Having reviewed pretty much every Kylie release since I entered college (and she made her big U.S. return), I feel obligated, having chewed on “Kiss Me Once” since its release, to say something about it. My initial reaction, carried through from the album preview I posted here a few weeks back, wasn’t that great, and I still can’t say I’m quite as enthused about this as her previous efforts.
My biggest beef with the album deals with the forced sexiness. Now, Kylie’s always encouraged a playful sexiness to her visual image, but when you examine her lyrics, the songs were much more universal and, well, tame. Whether it’s her debut hits like “I Should Be So Lucky,” big hits like “Spinning Around” and “Can’t Get You Out of My Head,” or even newer, sultrier tracks like “Slow,” sex wasn’t really forced upon the listener.
The number of times, meanwhile, that the word sex or sexy appears in the lyrics of this album probably add up to more than her other albums combined, and most of the time the sexiness feels as disconnected as it did on Justin Timberlake’s “Futuresex/LoveSounds,” which was equally contrived and, at times, forced.
I also felt the production wasn’t as forward looking as previous albums; “Fever” and “Body Language” pushed the envelope, “Aphrodite” held back the beats at a time when radio was hitting them hard, and even “X” had moments that felt ahead of their time, and the tracks hold up years later. The songs on “Kiss Me Once” feel very of the moment, but feel a bit more disposable, which is concerning for an artist that has banked on longevity.
Yet upon repeated listens, the tracks I was drawn to I like even more, songs I wasn’t so keen on have grown on me, and the overall tone of the album has won me over a bit more, even if it’s less cohesive and less ambitious in some ways.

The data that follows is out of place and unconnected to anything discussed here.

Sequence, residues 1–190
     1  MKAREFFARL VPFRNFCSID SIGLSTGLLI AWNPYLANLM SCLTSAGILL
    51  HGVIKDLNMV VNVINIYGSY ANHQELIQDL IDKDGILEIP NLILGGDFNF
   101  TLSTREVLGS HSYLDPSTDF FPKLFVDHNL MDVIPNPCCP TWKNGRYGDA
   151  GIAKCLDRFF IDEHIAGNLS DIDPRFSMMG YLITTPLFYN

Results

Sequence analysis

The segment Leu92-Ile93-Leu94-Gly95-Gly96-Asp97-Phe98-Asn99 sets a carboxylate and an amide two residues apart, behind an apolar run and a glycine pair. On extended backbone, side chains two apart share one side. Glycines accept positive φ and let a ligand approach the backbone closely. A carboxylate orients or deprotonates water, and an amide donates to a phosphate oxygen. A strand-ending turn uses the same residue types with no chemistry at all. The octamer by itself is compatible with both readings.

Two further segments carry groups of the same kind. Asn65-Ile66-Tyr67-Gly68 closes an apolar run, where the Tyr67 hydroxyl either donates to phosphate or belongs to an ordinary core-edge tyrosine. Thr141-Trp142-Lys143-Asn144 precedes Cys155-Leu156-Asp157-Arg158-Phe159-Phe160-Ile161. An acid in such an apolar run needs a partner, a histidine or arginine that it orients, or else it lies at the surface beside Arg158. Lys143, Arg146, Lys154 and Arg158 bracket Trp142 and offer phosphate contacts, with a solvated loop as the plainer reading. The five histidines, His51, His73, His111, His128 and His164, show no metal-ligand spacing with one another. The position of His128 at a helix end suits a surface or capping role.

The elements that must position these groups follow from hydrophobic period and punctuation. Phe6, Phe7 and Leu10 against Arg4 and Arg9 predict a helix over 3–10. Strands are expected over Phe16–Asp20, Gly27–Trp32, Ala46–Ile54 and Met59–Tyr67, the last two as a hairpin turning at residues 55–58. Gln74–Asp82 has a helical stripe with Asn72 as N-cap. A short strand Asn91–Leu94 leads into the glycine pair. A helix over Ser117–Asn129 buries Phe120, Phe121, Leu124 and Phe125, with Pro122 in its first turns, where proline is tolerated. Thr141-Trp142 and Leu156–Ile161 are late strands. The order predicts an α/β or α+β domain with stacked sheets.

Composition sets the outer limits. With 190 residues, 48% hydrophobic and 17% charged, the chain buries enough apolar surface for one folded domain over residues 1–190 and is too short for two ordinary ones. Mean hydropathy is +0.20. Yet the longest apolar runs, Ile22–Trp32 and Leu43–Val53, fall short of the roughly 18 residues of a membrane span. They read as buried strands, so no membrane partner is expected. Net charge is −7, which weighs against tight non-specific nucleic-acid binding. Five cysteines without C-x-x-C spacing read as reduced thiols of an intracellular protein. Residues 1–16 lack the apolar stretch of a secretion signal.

“Into the Blue” isn’t the strongest first single, but the following three tracks on the album still to me feel among the best the album offers. The story that Pharrell Williams, who produced track 3 “I Was Gonna Cancel,” wrote it about Kylie almost canceling studio time with him, is a nice authentic song, performed well by Kylie and produced well by Pharrell. It also shows the ongoing strength of the artist’s ability to perform more universal songs.
“Les Sex,” with its dubstep influences, has grown on me, but “Sexercise,” a song that got a parental warning video released with it, still doesn’t work for me. Olivia Newton-John covered this topic with much better results more than 30 years ago; Kylie just sounds out of place here. Near the end of the album, “Fine” has also grown on me, as has the album title track.
Overall it’s still decent pop, but I still feel a bit let down, like I was expecting more. Still, many artists would be grateful to have access to material like this, and Kylie still puts on a good show, so this will certainly suffice for the time being.